A report published on Politico Monday night claims that Republican operatives are talking to J.D. Vance, the author of the bestselling book "Hillbilly Elegy: A Memoir of a Family and Culture in Crisis," about a possible Senate run in Ohio later this year.
These reported conversations follow the departure of early GOP candidate Josh Mandel, who announced he was leaving the race due to his wife's flagging health last week.
Presumably, the 33-year-old Vance, a political virgin, would be facing current two-term Sen. Sherrod Brown in the November election, should he become a candidate. Brown, a vocal liberal in a state that often splits — a state that President Donald Trump carried with 51.3 percent of the vote — defended his seat against Mandel in 2012, winning by a healthy six-point margin.
Politico claimed that Senate Majority Leader Mitch McConnell of Kentucky had spoken to Vance directly and has "told associates that he would prioritize the race if Vance jumps in." However, Politico also reported that "establishment Republicans have not settled on Vance as their favored candidate."
It has been hard to find a favored candidate for Brown's seat. Already Congressman Pat Tiberi and Ohio Lieutenant Governor Mary Taylor have taken their names out of contention, leaving Representative Jim Renacci as the most experienced possible contender on the GOP side — though he is also considering running for governor. Politico reported that the most motivated possible candidate for the Republican slate was banker Mike Gibbons, a longtime GOP donor who has distanced himself from the policies and style of President Donald Trump repeatedly.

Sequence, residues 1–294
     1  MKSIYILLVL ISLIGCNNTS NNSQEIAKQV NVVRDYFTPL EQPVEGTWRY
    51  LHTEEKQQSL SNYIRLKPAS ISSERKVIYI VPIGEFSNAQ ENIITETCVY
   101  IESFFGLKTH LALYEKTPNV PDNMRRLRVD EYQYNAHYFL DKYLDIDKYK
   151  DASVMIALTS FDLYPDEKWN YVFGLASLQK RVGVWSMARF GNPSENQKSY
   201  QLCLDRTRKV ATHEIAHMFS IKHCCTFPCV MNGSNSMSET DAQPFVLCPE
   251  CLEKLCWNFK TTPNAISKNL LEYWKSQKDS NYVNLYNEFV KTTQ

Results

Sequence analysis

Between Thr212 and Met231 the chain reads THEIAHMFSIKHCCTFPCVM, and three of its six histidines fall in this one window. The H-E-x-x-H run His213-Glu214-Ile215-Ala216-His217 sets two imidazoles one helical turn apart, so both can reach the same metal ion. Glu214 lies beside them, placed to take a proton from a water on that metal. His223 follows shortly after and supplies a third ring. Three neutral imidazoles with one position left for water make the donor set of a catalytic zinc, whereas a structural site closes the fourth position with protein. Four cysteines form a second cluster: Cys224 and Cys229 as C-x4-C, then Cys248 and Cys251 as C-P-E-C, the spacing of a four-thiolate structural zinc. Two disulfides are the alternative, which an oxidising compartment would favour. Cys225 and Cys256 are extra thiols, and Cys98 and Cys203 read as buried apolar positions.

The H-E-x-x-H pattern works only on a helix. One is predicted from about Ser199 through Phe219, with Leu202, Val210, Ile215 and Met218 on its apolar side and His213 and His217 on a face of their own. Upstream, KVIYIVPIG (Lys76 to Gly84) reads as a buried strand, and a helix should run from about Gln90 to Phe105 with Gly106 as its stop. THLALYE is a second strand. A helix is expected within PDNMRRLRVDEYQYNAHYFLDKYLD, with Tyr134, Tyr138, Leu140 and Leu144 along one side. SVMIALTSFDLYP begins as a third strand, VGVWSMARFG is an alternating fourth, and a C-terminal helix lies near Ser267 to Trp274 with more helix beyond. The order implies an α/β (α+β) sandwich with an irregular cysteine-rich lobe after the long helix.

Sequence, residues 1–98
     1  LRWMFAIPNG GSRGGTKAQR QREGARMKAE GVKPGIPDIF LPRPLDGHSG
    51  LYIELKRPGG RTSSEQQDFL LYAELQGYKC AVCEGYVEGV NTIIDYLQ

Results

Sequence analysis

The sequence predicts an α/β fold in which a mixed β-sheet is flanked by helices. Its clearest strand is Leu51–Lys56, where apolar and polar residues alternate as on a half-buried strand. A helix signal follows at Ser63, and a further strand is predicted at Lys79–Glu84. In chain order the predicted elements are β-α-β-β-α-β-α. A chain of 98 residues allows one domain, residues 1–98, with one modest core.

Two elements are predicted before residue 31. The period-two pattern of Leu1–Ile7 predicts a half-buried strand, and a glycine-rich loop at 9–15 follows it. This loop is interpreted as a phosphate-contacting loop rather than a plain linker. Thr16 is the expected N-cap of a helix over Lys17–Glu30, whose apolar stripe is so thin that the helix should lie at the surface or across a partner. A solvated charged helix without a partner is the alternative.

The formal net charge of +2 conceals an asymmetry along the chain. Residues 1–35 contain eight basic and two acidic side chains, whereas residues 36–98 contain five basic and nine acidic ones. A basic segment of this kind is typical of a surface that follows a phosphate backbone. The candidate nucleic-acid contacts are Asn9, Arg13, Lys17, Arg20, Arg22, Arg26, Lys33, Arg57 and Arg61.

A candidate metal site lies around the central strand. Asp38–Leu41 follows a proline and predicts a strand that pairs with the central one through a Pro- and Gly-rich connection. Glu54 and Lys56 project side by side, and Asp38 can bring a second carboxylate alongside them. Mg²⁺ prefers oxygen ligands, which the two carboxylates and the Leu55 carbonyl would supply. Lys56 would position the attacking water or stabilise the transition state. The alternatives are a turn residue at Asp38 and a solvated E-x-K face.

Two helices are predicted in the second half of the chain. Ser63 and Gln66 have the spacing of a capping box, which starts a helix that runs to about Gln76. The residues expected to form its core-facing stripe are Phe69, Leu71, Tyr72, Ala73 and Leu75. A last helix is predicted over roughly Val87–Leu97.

While a keen and popular supporter and translator of what he believes is the rural, non-urban American mindset, Vance himself has put himself at odds with the president through multiple statements. Before the election, Vance said that Trump "doesn't offer many solutions."
Vance explained why he ultimately did not vote for the nominal leader of his party in an interview Cleveland.com: "[Trump] used rhetoric that's not in the best interest of the party or country. I happen to think that conservatism, when properly applied to the 21st century, could actually help everybody. And the message of Trump's campaign was obviously not super-appealing to Latino Americans, black Americans and so forth. That really bothered me."
In that same interview, he was asked if he had political ambitions, responding by saying: "I want to be part of the community before I think of doing something like that. But a lot of people have asked me in the past few months. Ten years from now, maybe."
Overall, Vance has collected more or less as much criticism as praise for "Hillbilly Elegy." Many -- Republicans and liberal columnists in particular — have trumpeted the book as an essential explainer for why working-class white Americans vote the way they do and as a vital compendium for their concerns, holding Vance himself as a canny prophet and philosopher of the Trump wave (despite the fact that he himself opposes Trump).
Critics, however, have noted Vance's dismissal of key factors operating across the communities he describes — racism and embedded privilege in particular. His reliance on the questionable narrative of the self-starting, self-reliant, bootstrapping American success story also has its detractors.
In March of last year, Jared Yates Sexton wrote in Salon, "it would be hard to understate what role Vance has played in reinvigorating the conservative bootstraps narrative for a new generation and, thus, emboldening Republican ideology." No wonder McConnell, the often disingenuous steward of that ideology, is reaching to him to help win Brown's seat.